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Mahindra Racing’s 100th Formula E Race - The Journey So Far

Written by Vyas Ponnuri, Edited by Olivia Hartley

Credit: Sebastian Frej

Mahindra & Mahindra is an Indian automotive brand, currently engaged in selling mid-size SUVs (Sports Utility Vehicles) and Commercial Vehicles in the Indian automotive market. The company began to sell Jeeps and other Multi Utility Vehicles (MUVs) from 1948. It was only in 1997, when Anand Mahindra was appointed as Managing Director of the company, that the company really took off. Since then, the company has gone from strength to strength in the Indian automotive market.

Mahindra also has a racing division, Mahindra Racing, which has been competing in the Formula E World Championship since its inception in 2014. They have also participated in the 125cc class of the MotoGP championship, as well as the succeeding Moto3 championship. In 2013, the team also entered the Italian National Motorcycle Racing Championship, taking part in the 250cc 4-stroke Moto3 class. They competed as a constructor until the 2017 season of Moto3 but continued to supply official Peugeot Motocycles, derivative of the MGP3O, to the factory Peugeot MC Saxoprint Team.

The final race of the 2022 Formula E season at Seoul was an important moment for the sport, being Formula E’s 100th race. As Mahindra Racing has participated in every race of the sport, this was also the 100th Formula E race for the Indian team. How has this journey to triple figures been for Mahindra Racing? Read on to find out.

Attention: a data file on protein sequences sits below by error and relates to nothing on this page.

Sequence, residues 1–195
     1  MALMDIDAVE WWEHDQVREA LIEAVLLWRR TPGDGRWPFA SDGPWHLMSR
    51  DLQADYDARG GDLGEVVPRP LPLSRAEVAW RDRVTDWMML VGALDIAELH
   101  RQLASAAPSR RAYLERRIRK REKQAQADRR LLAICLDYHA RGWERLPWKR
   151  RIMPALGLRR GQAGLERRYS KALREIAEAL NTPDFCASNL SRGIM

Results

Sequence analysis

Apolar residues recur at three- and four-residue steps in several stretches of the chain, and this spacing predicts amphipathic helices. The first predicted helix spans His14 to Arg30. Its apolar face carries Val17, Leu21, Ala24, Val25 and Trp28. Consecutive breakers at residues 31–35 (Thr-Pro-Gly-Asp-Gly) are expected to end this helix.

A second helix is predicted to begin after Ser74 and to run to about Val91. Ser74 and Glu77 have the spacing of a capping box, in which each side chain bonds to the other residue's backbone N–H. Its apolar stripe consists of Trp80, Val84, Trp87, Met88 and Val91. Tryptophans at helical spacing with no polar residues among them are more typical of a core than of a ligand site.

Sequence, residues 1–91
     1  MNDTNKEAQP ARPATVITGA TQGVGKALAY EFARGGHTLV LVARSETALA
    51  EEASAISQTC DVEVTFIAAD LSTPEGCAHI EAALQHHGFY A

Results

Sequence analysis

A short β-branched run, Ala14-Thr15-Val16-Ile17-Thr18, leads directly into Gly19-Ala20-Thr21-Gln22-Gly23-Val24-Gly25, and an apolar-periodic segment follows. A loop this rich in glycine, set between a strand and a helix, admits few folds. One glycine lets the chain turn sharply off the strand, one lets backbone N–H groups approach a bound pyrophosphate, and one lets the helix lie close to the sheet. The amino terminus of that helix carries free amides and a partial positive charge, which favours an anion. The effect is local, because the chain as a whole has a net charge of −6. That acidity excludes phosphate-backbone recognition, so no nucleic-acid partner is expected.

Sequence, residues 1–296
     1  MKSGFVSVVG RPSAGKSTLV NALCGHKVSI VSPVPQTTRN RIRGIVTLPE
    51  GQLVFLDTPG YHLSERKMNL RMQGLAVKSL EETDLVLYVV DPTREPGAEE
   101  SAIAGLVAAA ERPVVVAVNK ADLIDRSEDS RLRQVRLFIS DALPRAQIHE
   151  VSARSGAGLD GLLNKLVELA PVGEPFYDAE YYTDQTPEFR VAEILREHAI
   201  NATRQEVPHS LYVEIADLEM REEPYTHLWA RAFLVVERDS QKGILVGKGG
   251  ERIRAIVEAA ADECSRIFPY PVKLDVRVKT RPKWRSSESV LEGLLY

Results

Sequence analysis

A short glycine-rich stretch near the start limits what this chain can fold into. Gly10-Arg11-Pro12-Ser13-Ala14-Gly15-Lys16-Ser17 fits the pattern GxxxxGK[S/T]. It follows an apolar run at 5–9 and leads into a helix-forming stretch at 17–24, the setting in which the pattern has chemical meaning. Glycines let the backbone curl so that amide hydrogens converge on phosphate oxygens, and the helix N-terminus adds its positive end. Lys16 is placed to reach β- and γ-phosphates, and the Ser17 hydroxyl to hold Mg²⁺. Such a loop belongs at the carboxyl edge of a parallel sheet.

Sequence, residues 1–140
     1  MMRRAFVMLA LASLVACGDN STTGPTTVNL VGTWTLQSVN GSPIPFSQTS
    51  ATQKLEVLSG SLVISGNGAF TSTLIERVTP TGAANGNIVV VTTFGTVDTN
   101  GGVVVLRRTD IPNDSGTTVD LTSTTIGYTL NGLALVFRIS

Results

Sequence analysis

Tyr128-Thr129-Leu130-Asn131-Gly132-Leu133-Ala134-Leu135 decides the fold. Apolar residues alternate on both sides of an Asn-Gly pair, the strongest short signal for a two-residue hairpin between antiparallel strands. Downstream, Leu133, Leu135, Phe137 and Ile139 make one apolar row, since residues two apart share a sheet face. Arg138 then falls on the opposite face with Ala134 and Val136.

Dilbagh Gill is the team principal of Mahindra Racing, and has held this position since the team’s first season in 2014.

Initial Seasons - Settling into the sport and building a reputation

Ten constructors, including Mahindra Racing, agreed to take part in the inaugural season of Formula E. This was set to commence in Beijing on 13th September 2014, and conclude in London on 28th June 2015. The Indian team fielded former F1 drivers Bruno Senna and Karun Chandok for the season. They began the season on a strong note, with Chandok taking fifth place at the first-ever Formula E race in Beijing. He would go on to take a sixth place finish at the next race in Putrajaya. Unfortunately, those would be his only points for the entire season. Bruno Senna achieved the team’s best finish at the season finale in London. Together, they scored a combined 58 points, putting the team eighth in the standings, five points ahead of Venturi.

In preparation for the 2015-16 season, Mahindra developed their own electric powertrain, the Electro M2, to power their cars. The team signed Nick Heidfeld, who had previously driven for Venturi, in place of Karun Chandok. The Indian team once again started the season strong, with Heidfeld taking the team’s first podium finish at the first race of the season in Beijing. Oliver Rowland competed for the team in the third race of the season in Punta Del Este, Uruguay, when Heidfeld suffered a hand injury at the previous round in Putrajaya. Heidfeld then returned for the next race in Argentina. Heidfeld and Bruno Senna scored points regularly throughout the season, finishing with only two non-point races each. The Brazilian achieved the team’s best result in the penultimate round in London, with a second place finish. The team accumulated a total of 105 points for the season, thus finishing fifth in the standings. Mahindra Racing’s new powertrain proved to be very efficient and reliable right from the off.

For the 2016-17 season, Mahindra signed rookie Felix Rosenqvist in place of Bruno Senna, and retained Nick Heidfeld. Their car for the season would be the M3Electro. This package proved to be very competitive during the season, with both drivers scoring five podium finishes each, and Rosenqvist even taking the team’s maiden Formula E victory in Berlin. He was unlucky to miss out on another in the very next race, but would go on to achieve three second places and one third place finish in the remaining races of season, while Heidfeld achieved five third places. Together, they contributed to the team’s lofty third place finish in the Constructors Championship, with Rosenqvist also finishing third in the Drivers Standings.

Credit: Malcolm Griffiths

Next Three Seasons - More success follows